Again, I have no problem with those women who naturally prefer either extreme, or when the regulations of their fighting culture dictate things like shaving heads or donning certain types of clothing or protective gear in all their members.

But strong, powerful females who are mentally and physically capable of protection and self-defense shouldn't have to be pigeonholed in order to be considered competent at combat skills--or leadership skills for that matter. The emotionless Ice Queen. The shit-talking swaggerer whose stride is wider than all the swinging dicks around her to make room for her big fat one. The super-sexy Crazy Bitch that everybody wants to screw but nobody would ever marry. Or she's just insane. Or evil. Or automatically lesbian. know...that explains it. 🙄

When the lesbian, bi, or pansexual warrior woman is written as an underrepresented demographic or simply because that's the writer's passionate preference for a specific character, I'm all for it. I was thrilled when Korra wound up with, not only the absolute best person for her, but with the bonus cherry on top of getting to be with the hottest person on the show. I also roared, "Hells yes!" when Xena's writers pushed against those boundaries as early as they did. Now I have Lexa/Clarke and Vi/Caitlin to swoon over. (4)

But too often, female fighters and strong women who don't take men's shit are simply written off as "dick-envying, carpet-eating dykes" either to slam them or to assuage the ego fragility of the old standard--no matter which gender is making the condemnation.

Can I tell you how many times I've had, "You're just a closet lesbian," hurled at me? Whenever a woman has said it, it's always been playful or encouraging, most often because she'd like to sleep with me or entice me into Camp Lesbian alongside her. But when a man says it, it has always been snarled at me because I've rejected his sexual advance, or I've stood up to him and said NO in some other way. (I've never had a trans or non-binary person say this to me. Which I appreciate.)

When I became obsessed with the gladiatrix in the 70s and started writing one of my own in 1990, my rural Minnesotan culture was dominated by a rabid hatred of lesbianism. We didn't so much as hear about pansexuality, we barely heard the term bisexuality, and sexual preference was not really separated from gender aesthetics/identity.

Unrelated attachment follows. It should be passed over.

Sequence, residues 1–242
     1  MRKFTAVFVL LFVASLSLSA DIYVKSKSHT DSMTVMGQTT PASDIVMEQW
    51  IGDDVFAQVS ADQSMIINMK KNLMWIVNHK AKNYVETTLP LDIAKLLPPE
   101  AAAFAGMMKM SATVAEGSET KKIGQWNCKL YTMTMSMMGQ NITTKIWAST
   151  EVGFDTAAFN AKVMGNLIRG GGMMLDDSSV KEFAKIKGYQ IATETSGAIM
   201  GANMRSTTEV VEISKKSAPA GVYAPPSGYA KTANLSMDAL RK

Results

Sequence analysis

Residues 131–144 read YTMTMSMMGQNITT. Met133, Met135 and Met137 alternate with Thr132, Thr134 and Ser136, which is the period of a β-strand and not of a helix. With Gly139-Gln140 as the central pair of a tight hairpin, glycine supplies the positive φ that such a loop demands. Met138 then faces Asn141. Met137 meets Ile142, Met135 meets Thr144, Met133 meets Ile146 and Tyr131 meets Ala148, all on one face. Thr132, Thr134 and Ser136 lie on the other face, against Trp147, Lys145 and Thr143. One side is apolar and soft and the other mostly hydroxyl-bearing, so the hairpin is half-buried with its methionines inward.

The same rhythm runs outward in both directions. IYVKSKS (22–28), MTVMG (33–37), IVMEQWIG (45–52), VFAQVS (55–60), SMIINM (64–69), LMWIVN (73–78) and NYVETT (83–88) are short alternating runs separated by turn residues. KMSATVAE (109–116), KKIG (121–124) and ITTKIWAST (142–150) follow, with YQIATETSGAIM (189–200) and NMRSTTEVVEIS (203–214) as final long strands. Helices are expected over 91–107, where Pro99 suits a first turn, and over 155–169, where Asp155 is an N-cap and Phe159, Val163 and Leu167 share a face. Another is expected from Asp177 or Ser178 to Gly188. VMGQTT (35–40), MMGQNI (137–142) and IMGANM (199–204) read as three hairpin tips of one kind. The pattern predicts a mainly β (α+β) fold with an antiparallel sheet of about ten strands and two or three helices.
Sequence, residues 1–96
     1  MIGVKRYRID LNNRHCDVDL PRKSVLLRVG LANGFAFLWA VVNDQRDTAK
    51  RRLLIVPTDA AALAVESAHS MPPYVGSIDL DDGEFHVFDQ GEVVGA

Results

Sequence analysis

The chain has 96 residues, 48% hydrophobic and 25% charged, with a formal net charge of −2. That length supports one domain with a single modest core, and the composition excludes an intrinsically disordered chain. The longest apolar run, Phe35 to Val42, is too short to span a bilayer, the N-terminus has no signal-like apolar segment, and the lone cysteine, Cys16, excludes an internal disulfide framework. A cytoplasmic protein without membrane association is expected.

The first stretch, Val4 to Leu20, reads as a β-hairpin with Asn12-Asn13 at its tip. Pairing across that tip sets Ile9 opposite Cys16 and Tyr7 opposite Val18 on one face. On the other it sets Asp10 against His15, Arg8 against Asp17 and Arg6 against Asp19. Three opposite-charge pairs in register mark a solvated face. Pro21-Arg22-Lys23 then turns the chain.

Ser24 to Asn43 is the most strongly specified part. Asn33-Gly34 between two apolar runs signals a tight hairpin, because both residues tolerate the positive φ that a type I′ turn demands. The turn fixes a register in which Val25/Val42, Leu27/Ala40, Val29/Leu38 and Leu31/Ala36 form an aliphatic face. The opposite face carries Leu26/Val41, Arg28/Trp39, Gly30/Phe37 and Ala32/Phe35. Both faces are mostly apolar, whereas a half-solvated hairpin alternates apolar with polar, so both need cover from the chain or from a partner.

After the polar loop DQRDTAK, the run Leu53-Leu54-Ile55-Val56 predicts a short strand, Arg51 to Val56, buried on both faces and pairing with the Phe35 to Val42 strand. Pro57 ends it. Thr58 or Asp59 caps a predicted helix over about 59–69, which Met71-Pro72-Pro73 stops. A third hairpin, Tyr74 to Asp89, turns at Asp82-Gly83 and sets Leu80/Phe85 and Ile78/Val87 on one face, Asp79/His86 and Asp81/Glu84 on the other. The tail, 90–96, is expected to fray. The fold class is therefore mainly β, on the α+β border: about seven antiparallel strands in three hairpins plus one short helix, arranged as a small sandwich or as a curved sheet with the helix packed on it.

If a girl dug girls in a sexual fashion, if she was "too ugly" to receive male attention, or if she exhibited "too many" traditionally masculine traits, she was either slammed as a feminine "lesbo" or a "butch dyke." There was only one worse thing that she could be called: my favorite reclaimed "cunt." (11) To some people, calling someone a lesbian was even worse than that.

Later, some populations shifted into the trope of, "Two girls kissing? Whooooahhhh...that's hawt! Can I watch and wank?" But even in such seeming "approval" there is still too often this...nastiness about it. This fear and disrespect. It's another version of live-action porn or a blow-up doll, now times two. For too many people it's still derogatory. It's not appreciative and welcoming, or the simple acknowledgement of one in a myriad beautiful human expressions of attraction and connection.

That's a topic unto itself, which we'll get back to later. Because after so many decades of having my propensities for "boy stuff," especially self-defense, boundaries, sweatpants, leadership, and direct communication chocked up to the fact that I can only be a closet lesbian or transsexual, I began to question if people were seeing something I was missing.

So I did some experiments.

Nope. I've just always been a female who likes...STUFF. The stuff I like. Some of that stuff includes glitter, pink, black, romance, penises, blue, sex, sweat, perfume, and learning how to fight, and I do not care who thinks it's "right" or not.

"...women who take up violence in a story are often given an arc that acts as a cautionary tale against violence, which then doubles down on the way things are: 'Men are violent; women shouldn't be.' Women characters must be role models (or they die)."

~Wit and Folly (9)

All of this stuff is getting better, slowly, even in spite of reactionary backlash attempts to snuff it. But this dilemma is one of the primary things my frustrated heart and mind, as well as my subconscious keep trying to figure out through writing fiction. It's also one of the primary things that bothers me when I read and watch fictional stories.

A story that has broken my fangirl heart over and over is one of the oldest series I fell in love with. I watched the first movie in the theater at five years old before anybody called it A New Hope. We just called it Star Wars, and I became an instant devotee. Alas, I have been rewriting these tales in my head for decades because I just--


NO. Dang it.

When we get into the Hero's vs. the Heroine's Journey in the next post, we'll come back to all the reasons why I had my nail-biting hopes pinned on the promises made throughout The Last Jedi--promises that were broken with the final installment. It has everything to do with the Violent Femme, her reception, her character arc, and giving her a happy ending with an equally warlike love interest. It also has everything to do with gender stereotyping and the denigration of the Feminine/Yin/Darkness.

Wit and Folly says it brilliantly in The Violence Binary (Violence/Innocence) (9):

If the gender roles had been flipped, Ben (Solo/Kylo Ren) might have been the male hero that would have saved the female from her violence. But the heroine saving the male villain from his violence, AND maintaining her stance as a warrior... AND maintaining the romance between these two goes against the norm. By the current status quo you can’t have two warriors fall in love and remain warriors.